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New Year Celebrations in France

The French call New Year's Eve la Saint-Sylvestre.

But who is Saint Sylvestre? This saint, who is celebrated on December 31st, has no link with New Year at all. It is just a coincidence of the Gregorian calendar. Each day of the year, a saint is celebrated on the French calendar and December 31st is his feast day. La Saint-Sylvestre is feminine because it's short for la fête de Saint-Sylvestre.

Sylvester was the 33rd Pope and held the throne of Saint Peter for almost twenty-two years from 314 to 335 A.D. Under his reign, Christianity was recognised as the official religion of the Roman Empire.

In France, New Year's Day has not always been January 1st. In the 6th and 7th centuries, in many provinces, New Year was celebrated on March 1st. Under the rule of Charlemagne in the 9th century, the year started at Christmas. From the time of the Capetian kings in the 10th century, the year started on Easter Day. It's only since 1564 that the new year has started on January 1st. King Charles IX decided to fix the start of the year as January 1st to standardise the calendar throughout the kingdom.

New Year's Eve is usually celebrated with a feast, called le Réveillon de Saint-Sylvestre. The feast consists of traditional dishes like pancakes, foie gras and champagne. According to French traditions, this special dinner brings prosperity and good luck to the lives of all those attending the feast.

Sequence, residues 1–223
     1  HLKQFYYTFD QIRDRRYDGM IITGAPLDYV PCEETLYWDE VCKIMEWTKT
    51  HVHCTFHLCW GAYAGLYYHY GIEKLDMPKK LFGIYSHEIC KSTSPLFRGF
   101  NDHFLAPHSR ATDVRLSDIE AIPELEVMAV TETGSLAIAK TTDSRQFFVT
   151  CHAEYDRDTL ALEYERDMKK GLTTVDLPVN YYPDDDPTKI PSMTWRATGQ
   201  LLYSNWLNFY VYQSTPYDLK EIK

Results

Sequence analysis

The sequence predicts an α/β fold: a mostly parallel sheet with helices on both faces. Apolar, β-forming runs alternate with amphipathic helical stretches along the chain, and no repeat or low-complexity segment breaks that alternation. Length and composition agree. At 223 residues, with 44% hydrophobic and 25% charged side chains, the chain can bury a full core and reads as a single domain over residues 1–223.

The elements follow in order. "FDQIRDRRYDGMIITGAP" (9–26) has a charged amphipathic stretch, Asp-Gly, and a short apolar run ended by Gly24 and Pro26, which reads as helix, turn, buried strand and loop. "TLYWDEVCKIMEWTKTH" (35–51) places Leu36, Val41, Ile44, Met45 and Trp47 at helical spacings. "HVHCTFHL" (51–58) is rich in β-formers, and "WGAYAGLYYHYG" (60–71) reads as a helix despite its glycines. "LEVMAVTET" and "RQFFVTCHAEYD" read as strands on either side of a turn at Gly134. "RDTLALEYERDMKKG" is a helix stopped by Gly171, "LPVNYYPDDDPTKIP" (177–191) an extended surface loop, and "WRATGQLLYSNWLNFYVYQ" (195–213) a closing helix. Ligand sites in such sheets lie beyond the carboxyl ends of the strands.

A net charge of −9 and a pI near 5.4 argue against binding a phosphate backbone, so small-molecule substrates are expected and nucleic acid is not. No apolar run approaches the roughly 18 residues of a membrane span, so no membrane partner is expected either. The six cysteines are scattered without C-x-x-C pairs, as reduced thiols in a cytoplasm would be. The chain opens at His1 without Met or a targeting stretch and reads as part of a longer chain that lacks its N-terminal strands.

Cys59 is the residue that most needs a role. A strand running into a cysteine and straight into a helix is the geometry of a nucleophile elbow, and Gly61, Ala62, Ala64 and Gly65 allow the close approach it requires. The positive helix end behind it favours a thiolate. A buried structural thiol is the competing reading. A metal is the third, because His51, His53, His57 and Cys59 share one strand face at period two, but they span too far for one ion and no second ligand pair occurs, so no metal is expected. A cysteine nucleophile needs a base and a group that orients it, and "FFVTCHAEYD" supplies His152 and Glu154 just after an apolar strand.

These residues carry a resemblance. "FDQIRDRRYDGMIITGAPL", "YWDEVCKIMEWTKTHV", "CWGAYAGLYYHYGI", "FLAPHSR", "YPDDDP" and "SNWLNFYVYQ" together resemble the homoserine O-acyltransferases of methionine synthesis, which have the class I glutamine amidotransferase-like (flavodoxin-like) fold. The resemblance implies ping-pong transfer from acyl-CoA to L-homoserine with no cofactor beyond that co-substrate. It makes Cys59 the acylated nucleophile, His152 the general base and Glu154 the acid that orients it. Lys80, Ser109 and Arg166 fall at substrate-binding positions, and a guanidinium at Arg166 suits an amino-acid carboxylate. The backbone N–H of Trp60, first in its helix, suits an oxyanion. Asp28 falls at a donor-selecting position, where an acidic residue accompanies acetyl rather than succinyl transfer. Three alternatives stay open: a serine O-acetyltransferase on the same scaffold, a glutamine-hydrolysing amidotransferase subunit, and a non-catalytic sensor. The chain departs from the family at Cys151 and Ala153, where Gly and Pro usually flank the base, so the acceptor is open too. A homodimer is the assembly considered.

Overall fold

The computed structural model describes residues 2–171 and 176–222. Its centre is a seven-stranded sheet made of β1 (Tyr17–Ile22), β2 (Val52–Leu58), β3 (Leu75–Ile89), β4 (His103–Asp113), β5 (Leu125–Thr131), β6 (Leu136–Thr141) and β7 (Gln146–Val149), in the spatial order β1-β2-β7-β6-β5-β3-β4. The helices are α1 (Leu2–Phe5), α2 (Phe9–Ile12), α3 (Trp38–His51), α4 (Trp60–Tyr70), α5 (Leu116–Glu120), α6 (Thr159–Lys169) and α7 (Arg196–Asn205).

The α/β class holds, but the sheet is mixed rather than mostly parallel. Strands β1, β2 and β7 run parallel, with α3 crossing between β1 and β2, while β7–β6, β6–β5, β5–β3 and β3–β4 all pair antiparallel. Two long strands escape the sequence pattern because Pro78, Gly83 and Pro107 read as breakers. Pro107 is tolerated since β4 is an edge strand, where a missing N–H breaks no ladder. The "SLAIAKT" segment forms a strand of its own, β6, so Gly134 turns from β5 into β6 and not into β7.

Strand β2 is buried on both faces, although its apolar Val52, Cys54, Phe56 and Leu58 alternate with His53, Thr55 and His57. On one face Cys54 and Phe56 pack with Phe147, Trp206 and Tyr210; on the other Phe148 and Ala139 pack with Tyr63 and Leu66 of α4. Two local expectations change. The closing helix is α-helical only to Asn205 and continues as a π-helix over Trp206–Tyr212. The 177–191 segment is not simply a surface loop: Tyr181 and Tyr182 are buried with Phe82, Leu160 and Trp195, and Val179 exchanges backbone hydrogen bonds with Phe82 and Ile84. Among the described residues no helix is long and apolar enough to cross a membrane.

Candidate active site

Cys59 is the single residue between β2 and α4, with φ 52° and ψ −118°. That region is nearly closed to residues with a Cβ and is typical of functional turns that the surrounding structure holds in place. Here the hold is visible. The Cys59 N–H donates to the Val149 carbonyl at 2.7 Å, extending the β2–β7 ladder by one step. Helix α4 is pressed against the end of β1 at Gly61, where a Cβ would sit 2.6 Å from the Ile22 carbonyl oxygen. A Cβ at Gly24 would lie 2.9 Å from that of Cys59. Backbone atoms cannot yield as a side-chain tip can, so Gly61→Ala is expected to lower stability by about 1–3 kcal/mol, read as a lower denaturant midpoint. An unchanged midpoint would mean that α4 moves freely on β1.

The party can range from an intimate dinner with friends to a ball (une soirée dansante). At midnight, everyone kisses under the mistletoe and offers best wishes for the new year. Yes, kissing under the mistletoe is a New Year's custom in France, rather than a Christmas custom as in other countries.

New Year day is popularly called Jour des Étrennes, and le Jour de I'An. The French love to dine with loved ones on New Year's day. A farewell to the old year and a grand welcome to the New Year is done, with an optimistic hope of success, prosperity, happiness, and peace in the coming time.

Celebrating in high festive spirits, they exchange gifts and cards and share new years resolutions with family and close friends. The French love the tradition of gift-giving and consider it more auspicious to present gifts on New Year than any other festival.

 

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